Abu Salim prison
Abu Salim prison (Arabic: سجن أبو سليم) is a maximum security prison in Tripoli, Libya. The prison was notorious during the rule of Muammar Gaddafi for alleged mistreatment and human rights abuses, including a massacre in 1996 in which Human Rights Watch estimated that 1,270 prisoners were killed.
In 2011, when the NTC invited investigators from CNN and other organizations it found only what appeared to be animal bones at that site and announced further investigations.
Allegations of human rights abusesEdit
Amnesty International has called for an independent inquiry into deaths that occurred there on 29 June 1996, an incident which some have referred to as the Abu Salim prison massacre. Human Rights Watch believes that 1,270 prisoners were killed. HRW also calls the prison a "site of egregious human rights violations." Human Rights Watch also stated in a report that they were unable to independently verify the allegations of a massacre. The claims cited by Human Rights Watch are based on the testimony of a single former inmate, Hussein Al Shafa’i, who stated that he did not witness a prisoner being killed: "I could not see the dead prisoners who were shot..." The figure of over 1200 killed was arrived at by Al Shafa’i allegedly calculating the number of meals he prepared when he was working in the prison's kitchen. Al Shafa'i stated "I was asked by the prison guards to wash the watches that were taken from the bodies of the dead prisoners..."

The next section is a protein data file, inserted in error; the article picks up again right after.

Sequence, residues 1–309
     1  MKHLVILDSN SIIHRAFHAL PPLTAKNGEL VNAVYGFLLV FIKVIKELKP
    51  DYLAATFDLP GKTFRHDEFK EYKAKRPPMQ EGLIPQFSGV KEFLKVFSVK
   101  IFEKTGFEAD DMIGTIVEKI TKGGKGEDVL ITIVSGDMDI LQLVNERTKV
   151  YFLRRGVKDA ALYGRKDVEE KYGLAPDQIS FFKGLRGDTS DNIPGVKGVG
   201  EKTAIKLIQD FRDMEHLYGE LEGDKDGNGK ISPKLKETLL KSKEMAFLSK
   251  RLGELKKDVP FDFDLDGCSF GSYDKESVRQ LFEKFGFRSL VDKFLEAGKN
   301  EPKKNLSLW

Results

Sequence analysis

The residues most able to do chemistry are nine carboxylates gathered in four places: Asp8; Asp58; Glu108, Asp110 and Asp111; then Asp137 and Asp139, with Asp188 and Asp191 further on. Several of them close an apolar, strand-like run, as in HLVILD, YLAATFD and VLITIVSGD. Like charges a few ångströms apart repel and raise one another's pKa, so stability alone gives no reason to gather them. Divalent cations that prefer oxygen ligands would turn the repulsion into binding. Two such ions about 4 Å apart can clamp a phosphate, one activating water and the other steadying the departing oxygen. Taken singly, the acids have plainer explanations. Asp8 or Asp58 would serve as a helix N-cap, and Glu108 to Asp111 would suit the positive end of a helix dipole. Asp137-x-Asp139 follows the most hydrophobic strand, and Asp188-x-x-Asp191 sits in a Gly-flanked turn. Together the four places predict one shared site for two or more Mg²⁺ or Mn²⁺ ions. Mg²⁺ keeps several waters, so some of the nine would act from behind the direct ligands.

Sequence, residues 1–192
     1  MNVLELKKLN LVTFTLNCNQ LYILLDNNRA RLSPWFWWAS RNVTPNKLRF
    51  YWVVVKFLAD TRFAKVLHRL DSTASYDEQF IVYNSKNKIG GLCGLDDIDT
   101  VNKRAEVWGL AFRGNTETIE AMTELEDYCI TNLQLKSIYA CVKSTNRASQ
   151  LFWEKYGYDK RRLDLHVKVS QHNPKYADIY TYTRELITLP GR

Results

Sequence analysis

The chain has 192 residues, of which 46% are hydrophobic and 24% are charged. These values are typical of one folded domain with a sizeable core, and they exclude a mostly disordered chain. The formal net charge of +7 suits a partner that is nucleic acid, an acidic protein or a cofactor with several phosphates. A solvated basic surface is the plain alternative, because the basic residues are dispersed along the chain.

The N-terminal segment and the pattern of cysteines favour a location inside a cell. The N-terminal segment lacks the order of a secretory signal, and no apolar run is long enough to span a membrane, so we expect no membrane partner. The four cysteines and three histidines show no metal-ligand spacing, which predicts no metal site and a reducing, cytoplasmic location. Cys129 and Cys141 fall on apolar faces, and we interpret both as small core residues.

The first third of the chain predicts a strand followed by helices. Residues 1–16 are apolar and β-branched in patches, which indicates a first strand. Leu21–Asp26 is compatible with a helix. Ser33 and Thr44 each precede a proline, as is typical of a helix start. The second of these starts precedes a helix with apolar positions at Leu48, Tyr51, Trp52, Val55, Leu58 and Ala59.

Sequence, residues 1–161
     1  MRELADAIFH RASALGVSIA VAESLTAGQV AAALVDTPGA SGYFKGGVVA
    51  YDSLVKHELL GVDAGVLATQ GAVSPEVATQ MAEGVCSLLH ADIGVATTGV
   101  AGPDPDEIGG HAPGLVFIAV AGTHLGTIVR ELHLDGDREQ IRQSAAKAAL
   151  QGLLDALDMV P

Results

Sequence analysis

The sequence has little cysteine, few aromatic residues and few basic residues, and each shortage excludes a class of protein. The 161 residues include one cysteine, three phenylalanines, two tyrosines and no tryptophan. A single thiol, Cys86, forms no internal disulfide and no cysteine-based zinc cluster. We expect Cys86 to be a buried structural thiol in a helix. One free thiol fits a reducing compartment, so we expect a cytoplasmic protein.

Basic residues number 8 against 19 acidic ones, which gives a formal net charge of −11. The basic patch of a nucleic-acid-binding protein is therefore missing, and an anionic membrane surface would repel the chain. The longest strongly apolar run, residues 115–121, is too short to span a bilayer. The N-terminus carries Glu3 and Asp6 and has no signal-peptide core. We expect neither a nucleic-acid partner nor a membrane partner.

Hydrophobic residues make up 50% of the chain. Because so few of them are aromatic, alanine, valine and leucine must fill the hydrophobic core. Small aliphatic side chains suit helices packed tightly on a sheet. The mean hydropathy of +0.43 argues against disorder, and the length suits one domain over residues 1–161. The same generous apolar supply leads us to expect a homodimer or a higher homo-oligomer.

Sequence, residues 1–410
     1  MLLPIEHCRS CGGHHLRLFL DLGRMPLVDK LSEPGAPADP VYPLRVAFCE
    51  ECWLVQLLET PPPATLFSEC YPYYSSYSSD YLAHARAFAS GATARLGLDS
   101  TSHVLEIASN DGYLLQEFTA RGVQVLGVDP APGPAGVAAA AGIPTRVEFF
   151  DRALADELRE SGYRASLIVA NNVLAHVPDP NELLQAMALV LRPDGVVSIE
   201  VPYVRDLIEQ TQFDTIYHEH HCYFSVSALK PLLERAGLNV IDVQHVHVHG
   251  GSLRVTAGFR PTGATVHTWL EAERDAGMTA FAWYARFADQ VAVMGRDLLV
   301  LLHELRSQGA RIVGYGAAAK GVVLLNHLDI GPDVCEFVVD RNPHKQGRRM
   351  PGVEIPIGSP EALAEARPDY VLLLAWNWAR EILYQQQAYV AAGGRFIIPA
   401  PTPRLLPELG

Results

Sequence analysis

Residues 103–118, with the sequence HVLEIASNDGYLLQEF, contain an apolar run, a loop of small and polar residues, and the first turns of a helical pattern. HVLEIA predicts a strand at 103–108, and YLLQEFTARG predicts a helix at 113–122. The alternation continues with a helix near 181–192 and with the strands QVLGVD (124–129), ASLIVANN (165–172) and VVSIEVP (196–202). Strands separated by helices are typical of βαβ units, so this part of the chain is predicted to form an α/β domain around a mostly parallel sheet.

Libyan Government rejected the allegations about a massacre in Abu Salim. In May 2005, the Internal Security Agency head of the Great Socialist People's Libyan Arab Jamahiriya told Human Rights Watch that the prisoners captured some guards and stole weapons from the prison cache. The prisoners and guards died as security personnel tried to restore order, and the government opened an investigation on the order of the Minister of Justice. The Libyan official stated that more than 400 prisoners escaped Abu Salim in four separate break-outs prior to and after the incident: in July 1995, December 1995, June 1996 and July 2001. Among the escapees were men who then fought with Islamist militant groups in Afghanistan, Iran, and Iraq.
Journalist Lindsey Hilsum explored the topic in her 2012 book "Sandstorm". She met with a number of families who claimed their family members had been at the prison. She describes the massacre number as an uncertain estimate for several reasons; the main problem being the government's long term silence about the whereabouts of prisoners and their condition. She also describes eyewitness accounts of a mass shooting.
The families of the disappeared and killed formed a loose association and held numerous protests in Benghazi. Lawyer Fathi Terbil helped represent them. He was arrested several times for his trouble. Saif al-Islam Gaddafi (son of the dictator) tried to resolve the issue via his Gaddafi International Foundation for Charity Associations circa 2007.